Labour MPs have called for the Government to “rapidly increase” opt-out testing in HIV prevalent areas.
Charlotte Nichols said more opt-out testing would save money and help the Government reach its ambition of no new transmissions by 2030.
Ms Nichols said a culture “where failure to follow guidelines is considered wrong and HIV testing is considered routine” should be created.
Health minister Andrea Leadsom said HIV testing has made “excellent progress” with £20 million invested to deliver testing in emergency departments in areas of high HIV prevalence.
But she added the Government is “not complacent and we will not be satisfied until that number is brought to zero”.
Opening the backbench debate on national HIV testing week, Ms Nichols said: “It’s vital that we rapidly increase testing levels in high and very high prevalent areas through opt-out testing.
“That will not only save the NHS money and reduce the backlog, but it’ll enable patients to know quickly whether or not they have HIV.
“My challenge to the minister today is for her to fight the corner, to fight the inequalities within the HIV response, ensure access to testing is increased, and ensure once testing has started in these hospitals (that) funding for testing will continue until we find the last person living with undiagnosed HIV in England.
“The opportunity to eliminate new cases of a long-term condition is rare, yet we have the tools to do just that now.
“We must grasp that opportunity and create a culture where failure to follow guidelines is considered wrong and HIV testing is considered routine.”
Ms Nichols said a “simple solution” to encourage more people to get tested would be to use public message campaigns targeted messaging across radio, television and social media.
The minister said HIV testing across England has made “huge strides”, she added: “The UK’s Health Security Agency has confirmed that for the third time in a row, England achieved or exceeded the UN’s 95, 95, 95 targets.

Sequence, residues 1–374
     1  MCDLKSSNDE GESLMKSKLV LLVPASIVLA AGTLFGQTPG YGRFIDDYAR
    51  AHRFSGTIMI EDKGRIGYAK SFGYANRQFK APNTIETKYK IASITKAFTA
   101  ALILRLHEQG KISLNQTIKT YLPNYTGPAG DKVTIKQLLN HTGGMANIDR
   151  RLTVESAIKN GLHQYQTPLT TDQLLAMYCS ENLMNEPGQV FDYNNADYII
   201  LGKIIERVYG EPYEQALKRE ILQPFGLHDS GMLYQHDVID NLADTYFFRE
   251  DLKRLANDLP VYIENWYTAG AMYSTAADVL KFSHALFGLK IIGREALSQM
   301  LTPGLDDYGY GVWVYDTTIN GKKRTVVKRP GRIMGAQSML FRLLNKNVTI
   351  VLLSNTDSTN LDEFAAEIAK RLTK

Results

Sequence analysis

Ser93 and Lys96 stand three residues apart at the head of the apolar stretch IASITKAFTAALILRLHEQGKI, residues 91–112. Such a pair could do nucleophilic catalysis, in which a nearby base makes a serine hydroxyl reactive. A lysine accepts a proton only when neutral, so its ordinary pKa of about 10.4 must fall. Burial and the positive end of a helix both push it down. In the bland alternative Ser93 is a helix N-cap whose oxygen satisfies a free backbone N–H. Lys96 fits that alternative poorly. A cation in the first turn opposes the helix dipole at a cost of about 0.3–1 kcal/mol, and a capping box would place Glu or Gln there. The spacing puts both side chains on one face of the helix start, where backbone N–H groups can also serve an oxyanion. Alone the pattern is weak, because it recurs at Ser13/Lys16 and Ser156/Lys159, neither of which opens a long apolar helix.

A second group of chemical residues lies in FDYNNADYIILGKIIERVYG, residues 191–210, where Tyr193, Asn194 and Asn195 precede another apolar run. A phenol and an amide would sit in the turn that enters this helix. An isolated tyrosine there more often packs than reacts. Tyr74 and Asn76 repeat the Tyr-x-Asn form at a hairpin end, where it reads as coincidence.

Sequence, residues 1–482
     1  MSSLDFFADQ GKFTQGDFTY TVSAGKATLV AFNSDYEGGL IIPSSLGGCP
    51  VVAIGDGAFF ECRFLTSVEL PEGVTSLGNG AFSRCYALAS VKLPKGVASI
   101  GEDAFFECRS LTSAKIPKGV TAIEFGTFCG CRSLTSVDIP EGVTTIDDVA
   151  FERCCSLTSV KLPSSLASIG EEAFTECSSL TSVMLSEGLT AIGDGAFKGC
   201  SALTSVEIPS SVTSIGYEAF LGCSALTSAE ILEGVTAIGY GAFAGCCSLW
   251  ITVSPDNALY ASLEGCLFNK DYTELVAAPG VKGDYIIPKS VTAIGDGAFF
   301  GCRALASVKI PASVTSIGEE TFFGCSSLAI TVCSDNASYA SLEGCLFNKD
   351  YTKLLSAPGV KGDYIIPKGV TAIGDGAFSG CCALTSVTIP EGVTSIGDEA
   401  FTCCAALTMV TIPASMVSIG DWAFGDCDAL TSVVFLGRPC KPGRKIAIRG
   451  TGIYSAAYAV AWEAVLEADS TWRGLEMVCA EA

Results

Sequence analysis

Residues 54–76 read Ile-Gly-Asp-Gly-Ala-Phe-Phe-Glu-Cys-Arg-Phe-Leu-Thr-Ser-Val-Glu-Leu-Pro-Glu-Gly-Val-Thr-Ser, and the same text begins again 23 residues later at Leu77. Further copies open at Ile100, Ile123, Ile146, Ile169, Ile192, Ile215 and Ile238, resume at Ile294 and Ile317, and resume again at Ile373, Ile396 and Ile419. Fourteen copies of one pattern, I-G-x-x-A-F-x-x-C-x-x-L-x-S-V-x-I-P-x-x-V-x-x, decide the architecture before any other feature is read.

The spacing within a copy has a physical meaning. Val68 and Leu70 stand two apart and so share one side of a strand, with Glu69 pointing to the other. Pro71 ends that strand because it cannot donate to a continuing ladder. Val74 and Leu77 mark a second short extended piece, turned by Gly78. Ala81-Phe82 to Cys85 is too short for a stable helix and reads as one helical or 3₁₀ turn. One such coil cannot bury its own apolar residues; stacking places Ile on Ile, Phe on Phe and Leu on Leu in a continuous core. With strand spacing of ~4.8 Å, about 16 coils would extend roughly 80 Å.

“Meaning 95% of people with HIV are diagnosed, 98% of those diagnosed are being treated, and 98% of those on treatment are unable to pass it on.
“But whilst we have made excellent progress, we are not complacent and we will not be satisfied until that number is brought to zero.”
Ms Leadsom told MPs: “NHS England has invested 20 million to deliver opt-out HIV testing in emergency departments in areas of extremely high HIV prevalence to ensure that people who need it get the right treatment as early as possible.”
She added: “The National Institute for Health Research is now investing an additional £20 million to find out how we might go further and faster in tackling HIV rates in the additional 47 sites of high HIV prevalence across England.”
Father of the House Sir Peter Bottomley (Worthing West) told the Commons he would be going for a test following the debate. He said: “At the conclusion of this debate, I’m going to take a HIV test.
“I don’t expect it to be a surprising result but unless people like me set an example we can’t expect others to overcome what might be embarrassment or awkwardness.”
Labour MP for Hammersmith Andy Slaughter echoed calls for more opt-out testing and pushed for better accessibility to HIV-preventing drug, PrEP.
He said: “I would like to hear a further commitment from the minister today, I would like to hear that in relation to opt-out testing, I’d like to hear that in relation to resources for sexual health clinics, and indeed the availability of PrEP.
“It has been suggested that given the expansion in services that are provided by pharmacies now, that PrEP could be added on to that.
“I see no reason why that can’t be the case, it could be perfectly safe for it to be prescribed in that way, it would take the pressure off clinics and it would make it more accessible.”
Ms Leadsom said: “There are challenges for certain groups to access the PrEP that they need, so that’s why we have developed a PrEP roadmap with colleagues from Government, local authorities, professional bodies, and voluntary and community sectors that we will be published on February 15.”
During the debate, Ms Nichols also called on the Government to launch a national programme to find those living with diagnosed HIV but not accessing care.
The Warrington North MP said: “We need to tackle the growing number of people previously diagnosed with HIV who are lost to care – previously diagnosed with HIV but not accessing the care that they need.
“UK HSA (Health Security Agency) estimates that as many as 14,000 people living with HIV in England have not been seen by their HIV clinic for at least a year, often for complex social and stigma-related reasons.”
She added: “A national programme must be urgently introduced to find everyone lost to HIV care in England and ensure they’re getting the care and life-saving treatment that they need.”